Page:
1st Edition

American Foreign Policy and Postwar Reconstruction Comparing Japan and Iraq

By Jeff Bridoux Copyright 2011
    256 Pages 6 B/W Illustrations
    by Routledge

    252 Pages 6 B/W Illustrations
    by Routledge

    On the eve of the invasion of Iraq, President G.W. Bush argued that if setting up democracy in Japan and Germany after WW II was successful, then it should also be successful in Iraq. This book provides a detailed comparison of the reconstruction of Japan from 1945 to 1952 with the current reconstruction of Iraq, evaluating the key factors affecting the success or failure of such projects.

    The book seeks to understand why American officials believed that extensive social reengineering aiming at seeding democracy and economic development is replicable, through identifying factors explaining the outcome of U.S.-led post-conflict reconstruction projects. The analysis reveals that in addition to the effective use of material resources of power, the outcome of reconstruction projects depends on a variety of other intertwined factors, and Bridoux provides a new analytical framework relying on a Gramscian concept of power to develop a greater understanding of these factors, and the ultimate success or failure of these reconstruction projects.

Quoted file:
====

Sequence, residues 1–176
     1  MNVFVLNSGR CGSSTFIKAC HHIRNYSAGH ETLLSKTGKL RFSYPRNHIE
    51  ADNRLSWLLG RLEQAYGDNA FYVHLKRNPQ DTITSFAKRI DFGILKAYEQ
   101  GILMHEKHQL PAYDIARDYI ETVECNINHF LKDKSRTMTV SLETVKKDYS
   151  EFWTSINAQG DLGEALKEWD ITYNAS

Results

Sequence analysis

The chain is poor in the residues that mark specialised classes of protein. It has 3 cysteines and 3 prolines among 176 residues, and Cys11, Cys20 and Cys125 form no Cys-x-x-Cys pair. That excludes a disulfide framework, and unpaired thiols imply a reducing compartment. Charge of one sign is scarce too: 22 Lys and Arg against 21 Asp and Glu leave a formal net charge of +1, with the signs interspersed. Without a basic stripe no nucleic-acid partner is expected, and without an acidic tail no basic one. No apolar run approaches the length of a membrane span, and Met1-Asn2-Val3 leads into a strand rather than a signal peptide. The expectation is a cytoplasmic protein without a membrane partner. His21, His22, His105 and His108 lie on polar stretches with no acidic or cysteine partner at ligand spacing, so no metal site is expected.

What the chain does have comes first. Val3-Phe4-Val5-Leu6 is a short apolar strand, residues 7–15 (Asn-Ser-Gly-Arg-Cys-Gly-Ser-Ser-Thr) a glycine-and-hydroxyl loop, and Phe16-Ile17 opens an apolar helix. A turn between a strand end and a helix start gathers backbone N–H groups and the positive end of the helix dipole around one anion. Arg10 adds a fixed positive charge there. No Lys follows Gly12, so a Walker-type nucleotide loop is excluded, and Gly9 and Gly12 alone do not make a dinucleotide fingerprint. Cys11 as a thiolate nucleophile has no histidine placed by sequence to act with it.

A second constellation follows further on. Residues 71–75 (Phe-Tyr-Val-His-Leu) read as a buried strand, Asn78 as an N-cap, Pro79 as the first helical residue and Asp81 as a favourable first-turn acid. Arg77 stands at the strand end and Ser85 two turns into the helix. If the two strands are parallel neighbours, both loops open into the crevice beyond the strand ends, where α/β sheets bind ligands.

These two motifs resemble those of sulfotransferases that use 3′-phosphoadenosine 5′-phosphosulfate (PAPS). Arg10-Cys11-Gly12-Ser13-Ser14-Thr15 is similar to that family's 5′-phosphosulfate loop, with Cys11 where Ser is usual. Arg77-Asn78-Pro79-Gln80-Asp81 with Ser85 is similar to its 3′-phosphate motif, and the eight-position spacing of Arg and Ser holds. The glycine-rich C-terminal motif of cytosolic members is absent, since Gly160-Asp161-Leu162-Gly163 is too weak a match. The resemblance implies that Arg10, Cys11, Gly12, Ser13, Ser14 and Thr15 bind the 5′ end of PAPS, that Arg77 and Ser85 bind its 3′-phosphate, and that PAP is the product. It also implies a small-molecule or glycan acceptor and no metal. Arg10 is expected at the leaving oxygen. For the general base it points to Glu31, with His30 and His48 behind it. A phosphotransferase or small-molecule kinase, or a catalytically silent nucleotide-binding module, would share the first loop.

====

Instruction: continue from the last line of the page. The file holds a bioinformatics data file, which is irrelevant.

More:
Appraising the effectiveness of American power in the contemporary international structure, this work is a significant contribution to the field and will be of great interest to all scholars of foreign policy, international relations and conflict studies.

    1. American Power: The Tale of Force and Consent  2. Power and the American Experience  3. The Delicate Mix of Coercion and Consent: Assessing Truman’s and G.W. Bush Understanding of Power and Foreign Policy  4. American Power at Risk?: Reconstructing Iraq  5. Reconstructing Japan: Coercion, Consent and Consistency  6. Postwar Reconstruction and the American Experience


    Jeff Bridoux is currently a postdoctoral fellow at Aberystwyth University. His research interests encompass the use of the concept of power in International Relations, especially regarding American Foreign Policy, international politics of the Middle East and East Asia, and postwar reconstruction.